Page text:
Reviews | Sexual positivity, pornography and feminism

For the publisher:

Re “Sexual feminism is falling out of fashion”, by Michelle Goldberg (column, September 25):

Ms. Goldberg says, “It is no longer radical, or even really necessary, to claim that women enjoy sex. I do not agree. I was 26 the first time I heard a woman speak publicly about female pleasure. In a world where women face danger, this is always courageous and important.

Today, many women are setting up businesses that deal with women’s sexual well-being and tackle the discrimination they face. A feminism affirming pleasure is not over. We are just getting started.

While it is true that the positive sexual feminism of the 1980s was a response to anti-pornographic feminism, sexual positivity takes a different form. Hanime Sexual positivity is that I am me and you are you, and that our experiences and desires are valid – in the context of consenting adults. It’s a matter of consent. Acceptance. Freedom from shame. To be able to make authentic choices. Sexual positivity embraces the choice not to have sex.

Jackie rotman
new York
The millennial writer is the founder and CEO of the Center for Intimacy Justice, a non-profit organization focused on women’s sexual equality.

For the publisher:

I really enjoyed Michelle Goldberg’s column. This gave a perspective consistent with the experiences I witnessed in 2013 as an employee of Hanime nonprofit teen porn addiction recovery organization.

This younger generation is starting to realize how much porn has shaped their outlook on sex, and how unhealthy and out of touch those outlooks are. The one thing that I will never forget about the work I have done in this organization are the countless disturbing and heartbreaking stories of young people who have told how others – both adults and their peers – them. sexually assaulted them by putting on them the pornography they had just viewed. I have come to understand how harmful and misogynistic pornography can be.

Good for the young generation of today for having seen these misdeeds and for having denounced them. Their future will be better by doing so. I hope they will turn the tide for their own good and for the sake of women and girls around the world.

Heather cox
Eagle Mountain, Utah

For the publisher:

Michelle Goldberg’s column lacks a lot of what sexual positivity was. While some feminists have seen value (or at least potential) in porn, it was never a prerequisite for exploring ways to have the sex you wanted, without being tainted by power relations. , conventions, dramas or myths.

Sex-positive feminists argued that sex could be different things to the same people at different times: a loving language, a lonely pleasure, an erotic thrill, a form of play, an itch. And all of these possibilities were OK, as long as they weren’t secret; open and respectful negotiations and contracts between partners are essential.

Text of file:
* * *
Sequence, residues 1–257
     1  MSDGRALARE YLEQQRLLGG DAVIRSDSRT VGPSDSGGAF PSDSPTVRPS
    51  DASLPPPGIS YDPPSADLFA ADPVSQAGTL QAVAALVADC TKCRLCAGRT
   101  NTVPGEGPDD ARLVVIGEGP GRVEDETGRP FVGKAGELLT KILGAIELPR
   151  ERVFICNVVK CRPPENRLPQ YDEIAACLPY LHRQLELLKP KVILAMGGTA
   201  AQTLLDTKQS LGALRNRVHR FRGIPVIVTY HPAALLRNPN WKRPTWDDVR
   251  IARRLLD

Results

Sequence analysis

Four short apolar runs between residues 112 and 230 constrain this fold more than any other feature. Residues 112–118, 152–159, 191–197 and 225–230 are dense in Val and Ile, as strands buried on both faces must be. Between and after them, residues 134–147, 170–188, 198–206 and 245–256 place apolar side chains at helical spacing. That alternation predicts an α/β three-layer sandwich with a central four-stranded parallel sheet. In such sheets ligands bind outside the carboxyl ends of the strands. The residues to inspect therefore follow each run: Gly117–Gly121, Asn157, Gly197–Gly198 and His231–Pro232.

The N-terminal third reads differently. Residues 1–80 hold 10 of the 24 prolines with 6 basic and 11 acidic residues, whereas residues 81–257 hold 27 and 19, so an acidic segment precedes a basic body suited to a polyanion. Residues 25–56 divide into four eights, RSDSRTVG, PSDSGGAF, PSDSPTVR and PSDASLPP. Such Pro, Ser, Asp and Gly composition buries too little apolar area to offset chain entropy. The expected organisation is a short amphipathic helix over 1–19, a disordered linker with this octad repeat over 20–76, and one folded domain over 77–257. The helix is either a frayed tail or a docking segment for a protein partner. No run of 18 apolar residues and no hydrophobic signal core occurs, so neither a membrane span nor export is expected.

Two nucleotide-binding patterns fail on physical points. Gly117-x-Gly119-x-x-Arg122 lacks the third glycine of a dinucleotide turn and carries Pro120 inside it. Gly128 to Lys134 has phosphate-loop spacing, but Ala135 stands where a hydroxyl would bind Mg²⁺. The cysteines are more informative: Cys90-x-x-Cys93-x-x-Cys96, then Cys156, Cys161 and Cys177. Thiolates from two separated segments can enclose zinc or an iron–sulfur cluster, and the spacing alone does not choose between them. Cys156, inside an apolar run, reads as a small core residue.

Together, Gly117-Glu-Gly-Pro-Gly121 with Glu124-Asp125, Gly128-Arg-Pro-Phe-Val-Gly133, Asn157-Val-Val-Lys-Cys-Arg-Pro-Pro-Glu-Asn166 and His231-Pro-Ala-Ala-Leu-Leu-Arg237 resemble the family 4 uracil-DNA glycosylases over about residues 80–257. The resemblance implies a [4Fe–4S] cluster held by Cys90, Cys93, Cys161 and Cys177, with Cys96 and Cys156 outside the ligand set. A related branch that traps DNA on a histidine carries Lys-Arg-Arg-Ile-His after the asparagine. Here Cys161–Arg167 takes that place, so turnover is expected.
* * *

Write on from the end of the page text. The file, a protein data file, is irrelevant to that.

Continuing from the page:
I don’t think this view of sexual positivity is dead or dying. It’s just not very visible, because it’s hard work, and because most women have never identified as feminists or as HIV positive. Most have remained conventional and insecure, and most still worry about any non-judgmental sex ideology, especially polyamory.

Deborah J. Kayman
new York

For the publisher:

I take issue with Sara Clemence’s guest essay Opinion, “Let’s be better tourists” (nytimes.com, September 29).

First, given our busy social and political environment, how can she gleefully bring all Americans together for any sort of criticism? Second – and this underscores my first point – my experience does not reflect his.

My wife, I and another couple travel frequently to the UK and Europe, and I have yet to meet more than a handful of loud or rude Americans. I’m sure there are Yankees who behave as badly abroad as they do at home. But even calling them the majority sounds rude.

There is no doubt that Ms. Clémence behaves with Poppinse decorum while she rubs shoulders with fashionistas. But beyond his model, who to seek advice?

She and I must haunt different boroughs. I lost a lot of sleep on our last trip to Paris, and the thugs all night were screaming mostly French and Germans; I did not hear English. And when it comes to caring travel companions, I will prefer personal hygiene to everyday haute couture.

Ms. Clémence begins by lambasting the Americans for their behavior and ends up berating us for not meeting her standards for our routes. I will thank her for not teaching me how to lead my own trip.

While I share some of Ms. Clemence’s sentiments, I don’t like to be put in the same basket as all Americans and called “terrible tourists”.

Bob campbell
Noblesville, Ind.

For the publisher:

It is ludicrous to suggest that going in a group is a more locally sensitive way of traveling. Virtually all tour operators will take you exactly to the most touristic places, as that is what most people want and expect.

Tour groups bring crowds of people at a time rather than naturally spaced out. They make it practically impossible for a natural, personal and authentic interaction with a local. They also direct people to the already most touristy and cliché, and most culturally remote, shops, sites and restaurants in the local community.

Tour groups make their participants consumers of views and experiences, rather than providing authentic experiences.

Nick canfield
Brooklyn

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